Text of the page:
Stony Brook Southampton Shares Ocean Conservation Work With United Nations Dignitaries

On July 9, the Institute for Ocean Conservation Science at the Stony Brook Southampton Marine Station welcomed a group of United Nations ambassadors, dignitaries, and their families for a tour of the facility and an overview of the Shinnecock Bay Restoration Program.

Ten countries, including Antigua & Barbuda, The Bahamas, Fiji, Israel, Italy, Kiribati, Palau, Papua New Guinea, Poland, and Vanuatu, were represented on the tour.

President-Elect of the United Nations General Assembly Ambassador Peter Thomson of Fiji was among the representatives, and he noted to attendees that the sediment in Shinnecock Bay looks, smells and feels just the same as the bay bottom he remembers as a child in Fiji.

He cited Stony Brook University’s restoration program as a model for protecting marine areas to safeguard oceans and coastal areas for generations to come.

Dr. Ellen Pikitch demonstrating how acoustic tags are placed on Summer Flounder. | ShiRP photo
Dr. Ellen Pikitch demonstrating how acoustic tags are placed on summer flounder. | ShiRP photo

The nations that participated in the tour are part of the 10 x 20 Initiative, aimed at protecting 10 percent of the world’s oceans by the year 2020.

This target is included in the U.N.’s Sustainable Development Goals, adopted by U.N. member states in September of 2015.

The Institute for Ocean Conservation Science’s Executive Director, Dr. Ellen Pikitch, and Assistant Director for Policy and Outreach Christine Santora are involved in the 10 x 20 Initiative through their work with the Ocean Sanctuary Alliance.

In March 2016, diplomats involved in the 10 x 20 Initiative gathered in Rome, along with scientists led by Dr. Pikitch, to create the Rome Call to Action — a statement calling for more and robust use of Marine Protection Areas, like the shellfish spawner sanctuaries around the East End’s waters.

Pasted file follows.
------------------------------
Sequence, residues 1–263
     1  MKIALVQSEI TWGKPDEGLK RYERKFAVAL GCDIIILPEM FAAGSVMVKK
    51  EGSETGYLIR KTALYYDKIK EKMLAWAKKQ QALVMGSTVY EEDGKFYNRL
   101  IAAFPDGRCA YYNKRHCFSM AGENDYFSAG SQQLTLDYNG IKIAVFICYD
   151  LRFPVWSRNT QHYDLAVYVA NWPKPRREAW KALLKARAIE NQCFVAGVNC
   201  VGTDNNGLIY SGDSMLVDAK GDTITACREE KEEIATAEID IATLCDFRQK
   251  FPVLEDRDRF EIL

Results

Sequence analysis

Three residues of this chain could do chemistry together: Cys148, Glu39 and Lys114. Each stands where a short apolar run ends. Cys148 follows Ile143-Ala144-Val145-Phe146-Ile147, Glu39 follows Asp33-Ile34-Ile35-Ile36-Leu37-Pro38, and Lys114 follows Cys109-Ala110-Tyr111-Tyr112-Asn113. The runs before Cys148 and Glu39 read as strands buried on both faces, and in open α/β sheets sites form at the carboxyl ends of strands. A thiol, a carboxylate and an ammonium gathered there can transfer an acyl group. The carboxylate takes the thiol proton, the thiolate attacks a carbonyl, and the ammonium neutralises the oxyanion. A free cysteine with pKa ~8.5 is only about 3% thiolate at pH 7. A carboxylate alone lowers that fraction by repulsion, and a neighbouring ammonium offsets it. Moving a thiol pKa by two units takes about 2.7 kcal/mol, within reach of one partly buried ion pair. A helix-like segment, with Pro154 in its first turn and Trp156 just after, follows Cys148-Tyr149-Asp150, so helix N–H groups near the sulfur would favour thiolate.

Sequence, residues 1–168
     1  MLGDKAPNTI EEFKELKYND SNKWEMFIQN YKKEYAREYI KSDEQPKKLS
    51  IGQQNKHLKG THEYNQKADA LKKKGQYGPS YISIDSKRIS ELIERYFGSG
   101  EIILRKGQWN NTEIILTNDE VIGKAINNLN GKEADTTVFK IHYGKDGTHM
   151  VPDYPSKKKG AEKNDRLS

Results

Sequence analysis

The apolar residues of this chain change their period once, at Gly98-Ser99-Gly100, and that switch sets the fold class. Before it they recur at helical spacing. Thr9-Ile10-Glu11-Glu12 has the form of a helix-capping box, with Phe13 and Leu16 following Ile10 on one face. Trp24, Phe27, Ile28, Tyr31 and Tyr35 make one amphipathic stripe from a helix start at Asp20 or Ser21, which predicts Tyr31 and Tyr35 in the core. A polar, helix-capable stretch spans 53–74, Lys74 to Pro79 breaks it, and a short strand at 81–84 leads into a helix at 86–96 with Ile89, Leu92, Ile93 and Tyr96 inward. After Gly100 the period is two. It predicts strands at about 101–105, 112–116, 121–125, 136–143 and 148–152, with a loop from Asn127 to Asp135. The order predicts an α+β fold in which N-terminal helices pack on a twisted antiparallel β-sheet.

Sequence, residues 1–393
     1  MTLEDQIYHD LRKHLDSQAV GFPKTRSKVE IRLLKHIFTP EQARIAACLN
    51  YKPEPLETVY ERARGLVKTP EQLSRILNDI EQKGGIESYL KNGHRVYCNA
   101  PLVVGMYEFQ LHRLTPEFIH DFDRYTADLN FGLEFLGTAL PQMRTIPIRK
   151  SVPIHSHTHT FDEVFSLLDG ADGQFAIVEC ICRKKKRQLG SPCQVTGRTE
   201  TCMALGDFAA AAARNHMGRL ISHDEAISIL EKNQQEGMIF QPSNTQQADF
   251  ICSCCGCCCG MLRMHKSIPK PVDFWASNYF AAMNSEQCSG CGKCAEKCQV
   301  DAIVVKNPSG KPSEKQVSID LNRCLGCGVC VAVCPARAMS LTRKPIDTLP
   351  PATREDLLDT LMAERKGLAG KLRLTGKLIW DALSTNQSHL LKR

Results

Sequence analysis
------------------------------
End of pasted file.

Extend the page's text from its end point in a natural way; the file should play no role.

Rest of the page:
The 10 x 20 Initiative is chaired by Italy, with Vice-Chairs from The Bahamas, Palau, Poland, Kenya and the OSA.

During the tour at the Southampton campus, laboratory director Christopher Paparo and ShiRP PhD student Andrew Griffith discussed current experiments, shellfish spawning, and how the scientific work done in the lab directly informs bay restoration with the diplomats, who also heard an overview of ShiRP’s restoration goals and activities from ShiRP’s program manager Christine Santora and Stony Brook University research scientist Dr. Konstantine Rountos, who has led ShiRP’s trawl survey and other fishery-related activities since the program’s inception.

A highlight of the study tour was a visit to the hard clam spawner sanctuaries in Shinnecock Bay — areas where large numbers of adult hard clams have been placed in close proximity to one another to maximize population growth and reproduction.

Spawner sanctuaries, a type of marine protected area, are a conservation tool that can improve the water quality and shellfish populations of Shinnecock Bay.

Christine Santora (middle) shows Ambassador Peter Thomson (Fiji) and Ms. Nelly Peni (Papua New Guinea) oysters grown from the community garden. | ShiRP photo
Christine Santora (middle) shows Ambassador Peter Thomson (Fiji) and Ms. Nelly Peni (Papua New Guinea) oysters grown from the community garden. | ShiRP photo

During the outing on the R/V Peconic, the success of the sanctuaries became apparent when samples taken just outside the protected area revealed small hard clams – offspring of the adult clams that had been placed in the hard clam sanctuaries.

Diplomats also helped deploy sampling gear, which revealed some of the fish and invertebrates resident in Shinnecock Bay, and learned how various species and habitats contribute to the bay’s ecological health and vibrancy.

The group also tagged a summer flounder with an acoustic transmitter that allows ShiRP researchers to monitor migration patterns of this flagship fish species.

Beth Young

Beth Young built her first boat out of driftwood tied together with phragmites behind her family’s apartment above the old Mill Creek Inn in Southold. Nowadays, she spends most of her time kayaking, learning about shellfish, writing newspaper stories, trying to sail a Sunfish, and watching the way the bay changes from day to day. You can send her a message at

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